For Malaysians who are looking for the smartest jobs in the world – think 5G, Artificial Intelligence — don’t give up on the domestic automotive industry just yet.
Yes, Malaysia is not in the investors good books just yet as indicated by UNCTAD’s reckoning that Malaysia’s FDI (foreign direct investment) had dropped 68 per cent, compared with ASEAN’s average of 31 per cent drop in 2020.
But this can change overnight because Malaysia’s automotive industry, a powerful driver of high value employment, is ripe for a disruption.
There are already two Malaysian companies with EV’s in Port Klang awaiting clearance for VTA (vehicle type approval) by the Ministry of Transport.
Another company has cleared its EV and awaiting VTA.
“I have the LHD versions of the ORA electric vehicle in Port Klang and we’re planning to launch 5 of the Great Wall EV’s as soon as we have obtained the necessary government approvals,” said SM Azli SM Nasimuddin, the CEO and founder of Go Auto, Great Wall’s franchise holder in Malaysia.
“Great Wall already has all the documentation for the EV but as franchise holder and importer, we have another documentation process, the Industrial Linkage Programme (ILP), to perform. This takes time,” said Azli.
MG Berjaya Sdn Bhd has imported the MG ZS EV for VTA. The car is still waiting for VTA and it has AP’s for another 100 units.
The MG auto brand is owned by SAIC (Shanghai Auto Industrial Corp), ranked one of China’s top three car makers.
The ILP is one of the problems with Malaysia’s decline in the eyes of car makers. And the increasing esteem with which they view Thailand and Indonesia.
While understandably the previous government wanted to ensure transfer of technology from FDI’s and implemented the ILP as a tool to ensure that car companies invested in car plants, this doesn’t work with the new era of EVs where the domestic market is too small to justify the establishment of an assembly plant.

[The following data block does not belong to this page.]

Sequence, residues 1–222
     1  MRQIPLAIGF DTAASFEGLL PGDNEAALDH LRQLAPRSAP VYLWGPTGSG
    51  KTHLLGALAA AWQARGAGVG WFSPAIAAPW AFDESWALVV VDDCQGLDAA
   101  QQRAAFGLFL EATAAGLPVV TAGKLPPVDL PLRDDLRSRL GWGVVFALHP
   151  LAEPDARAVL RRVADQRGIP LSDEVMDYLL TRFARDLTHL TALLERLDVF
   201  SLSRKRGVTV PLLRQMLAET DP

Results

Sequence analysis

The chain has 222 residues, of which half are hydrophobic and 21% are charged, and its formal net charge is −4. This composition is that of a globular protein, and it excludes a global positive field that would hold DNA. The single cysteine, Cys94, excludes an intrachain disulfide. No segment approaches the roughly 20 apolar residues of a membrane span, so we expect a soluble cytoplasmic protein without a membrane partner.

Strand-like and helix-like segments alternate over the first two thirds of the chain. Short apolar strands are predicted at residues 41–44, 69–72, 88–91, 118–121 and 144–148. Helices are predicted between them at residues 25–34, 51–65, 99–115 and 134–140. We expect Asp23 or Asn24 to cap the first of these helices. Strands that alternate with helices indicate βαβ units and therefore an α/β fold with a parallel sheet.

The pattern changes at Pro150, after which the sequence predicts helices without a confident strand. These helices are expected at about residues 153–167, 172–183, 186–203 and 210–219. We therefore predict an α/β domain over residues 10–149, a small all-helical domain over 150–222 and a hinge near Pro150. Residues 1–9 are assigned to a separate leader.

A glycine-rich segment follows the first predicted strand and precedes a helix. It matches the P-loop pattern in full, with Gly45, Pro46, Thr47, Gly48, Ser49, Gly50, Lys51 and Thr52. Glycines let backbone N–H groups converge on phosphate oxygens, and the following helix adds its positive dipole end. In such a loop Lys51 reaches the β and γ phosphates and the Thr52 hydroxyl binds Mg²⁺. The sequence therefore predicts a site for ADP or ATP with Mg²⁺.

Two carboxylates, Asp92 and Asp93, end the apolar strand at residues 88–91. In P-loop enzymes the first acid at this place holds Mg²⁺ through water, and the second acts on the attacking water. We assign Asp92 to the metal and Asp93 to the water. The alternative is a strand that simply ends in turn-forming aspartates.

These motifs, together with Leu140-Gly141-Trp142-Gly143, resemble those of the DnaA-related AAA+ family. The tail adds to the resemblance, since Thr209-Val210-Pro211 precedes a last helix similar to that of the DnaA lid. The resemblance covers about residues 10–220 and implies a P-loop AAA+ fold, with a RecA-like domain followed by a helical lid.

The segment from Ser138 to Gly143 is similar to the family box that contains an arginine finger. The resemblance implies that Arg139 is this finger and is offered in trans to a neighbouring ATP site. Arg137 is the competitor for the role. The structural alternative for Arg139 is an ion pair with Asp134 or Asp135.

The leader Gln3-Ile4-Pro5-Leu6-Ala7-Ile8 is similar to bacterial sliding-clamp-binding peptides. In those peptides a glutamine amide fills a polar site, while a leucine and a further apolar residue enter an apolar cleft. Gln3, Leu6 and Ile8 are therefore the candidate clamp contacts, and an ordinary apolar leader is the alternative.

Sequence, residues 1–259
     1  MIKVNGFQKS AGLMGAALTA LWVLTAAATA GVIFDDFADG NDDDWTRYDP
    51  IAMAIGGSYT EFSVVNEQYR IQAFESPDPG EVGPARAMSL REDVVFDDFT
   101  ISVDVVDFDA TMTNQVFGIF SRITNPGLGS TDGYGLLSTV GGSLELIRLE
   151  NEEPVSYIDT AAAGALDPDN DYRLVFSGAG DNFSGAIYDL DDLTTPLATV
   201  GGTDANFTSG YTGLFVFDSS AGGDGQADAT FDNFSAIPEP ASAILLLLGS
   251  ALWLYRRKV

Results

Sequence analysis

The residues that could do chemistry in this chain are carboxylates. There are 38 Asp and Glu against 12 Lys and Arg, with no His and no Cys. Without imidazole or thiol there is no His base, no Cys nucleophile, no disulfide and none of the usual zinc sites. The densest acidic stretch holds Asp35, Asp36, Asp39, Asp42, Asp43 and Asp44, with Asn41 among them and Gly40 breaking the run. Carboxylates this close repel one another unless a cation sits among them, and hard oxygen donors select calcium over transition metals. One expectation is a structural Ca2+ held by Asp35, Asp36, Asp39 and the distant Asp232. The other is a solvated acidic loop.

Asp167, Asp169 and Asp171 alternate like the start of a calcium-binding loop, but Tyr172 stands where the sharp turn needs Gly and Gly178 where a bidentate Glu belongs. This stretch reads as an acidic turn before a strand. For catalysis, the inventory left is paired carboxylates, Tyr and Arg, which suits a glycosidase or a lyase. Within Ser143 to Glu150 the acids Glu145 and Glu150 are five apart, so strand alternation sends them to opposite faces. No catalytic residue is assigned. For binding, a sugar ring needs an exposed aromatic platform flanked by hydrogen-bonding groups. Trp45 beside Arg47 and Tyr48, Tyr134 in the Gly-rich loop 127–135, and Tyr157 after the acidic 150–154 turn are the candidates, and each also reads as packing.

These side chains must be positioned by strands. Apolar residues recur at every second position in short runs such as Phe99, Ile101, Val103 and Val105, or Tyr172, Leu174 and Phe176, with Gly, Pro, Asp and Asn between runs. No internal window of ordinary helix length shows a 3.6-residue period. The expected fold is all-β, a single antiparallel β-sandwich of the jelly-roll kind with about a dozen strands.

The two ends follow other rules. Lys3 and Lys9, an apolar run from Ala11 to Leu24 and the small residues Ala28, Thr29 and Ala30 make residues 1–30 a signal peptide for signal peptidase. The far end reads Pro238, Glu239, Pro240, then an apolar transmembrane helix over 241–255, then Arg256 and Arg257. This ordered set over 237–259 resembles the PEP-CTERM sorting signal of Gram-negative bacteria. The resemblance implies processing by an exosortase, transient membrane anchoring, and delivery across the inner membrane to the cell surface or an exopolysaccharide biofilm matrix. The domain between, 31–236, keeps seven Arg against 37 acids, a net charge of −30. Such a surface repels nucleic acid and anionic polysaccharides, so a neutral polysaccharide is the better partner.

With former Prime Minister Tun Dr Mahathir Mohamad no longer in a position to fund his vision of a National Car at the expense of other car makers, the time is ripe for up-and-coming politicians to lead Malaysia towards a modern automotive policy that welcome high-tech and low-carbon investors.
Furthermore, the recently signed RCEP (Regional Comprehensive Economic Partnership) between ASEAN and China, S. Korea, Japan, Australia and New Zealand allows free trade in cars.
Before, under AFTA (Asean Free Trade Area), Malaysia excluded cars from the free trade agreement to protect Proton, Malaysia’s national car formed in 1986).
“Under Malaysia AFTA, the list of products was not comprehensive. We didn’t include all the products for tariff exemption. That was in 1994 and we wanted to protect Proton and we excluded cars from the Asean FTA,” said a former senior official of MITI (Ministry of International Trade and Industry).
“But with RCEP, which is more powerful than AFTA, cars are not excluded from the list of free trade in goods,” he said, asking not to be identified because policies are for politicians to make.
Thailand last week hosted the virtual launch of a Great Wall Motors EV (electric vehicle), the ORA Good Cat which goes on sale in April. It also announced Thailand as its manufacturing hub for the region.
China’s price for the ORA Good Cat starts from about 100,000 yuan to 140,000 yuan which is about RM63,000 to RM90,000. It’s obvious that Great Wall’s entry into the Thai market with the fully imported EV is because of the RCEP and tax-free trade in cars.
What Malaysia needs is an inclusive and welcoming automotive policy to attract investors and fresh political leadership to drive the change. Can the new leaders hack it?